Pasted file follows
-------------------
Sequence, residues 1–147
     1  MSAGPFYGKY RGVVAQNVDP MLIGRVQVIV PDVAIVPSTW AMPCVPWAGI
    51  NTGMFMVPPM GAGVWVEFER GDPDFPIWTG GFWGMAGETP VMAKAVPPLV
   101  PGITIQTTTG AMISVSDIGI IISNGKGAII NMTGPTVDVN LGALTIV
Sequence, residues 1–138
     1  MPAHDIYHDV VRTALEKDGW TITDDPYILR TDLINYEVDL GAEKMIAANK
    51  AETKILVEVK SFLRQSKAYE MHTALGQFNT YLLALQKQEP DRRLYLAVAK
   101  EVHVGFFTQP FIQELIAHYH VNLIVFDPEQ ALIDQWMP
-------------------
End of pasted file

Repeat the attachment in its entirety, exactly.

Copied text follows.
Sequence, residues 1–147
     1  MSAGPFYGKY RGVVAQNVDP MLIGRVQVIV PDVAIVPSTW AMPCVPWAGI
    51  NTGMFMVPPM GAGVWVEFER GDPDFPIWTG GFWGMAGETP VMAKAVPPLV
   101  PGITIQTTTG AMISVSDIGI IISNGKGAII NMTGPTVDVN LGALTIV
Sequence, residues 1–138
     1  MPAHDIYHDV VRTALEKDGW TITDDPYILR TDLINYEVDL GAEKMIAANK
    51  AETKILVEVK SFLRQSKAYE MHTALGQFNT YLLALQKQEP DRRLYLAVAK
   101  EVHVGFFTQP FIQELIAHYH VNLIVFDPEQ ALIDQWMP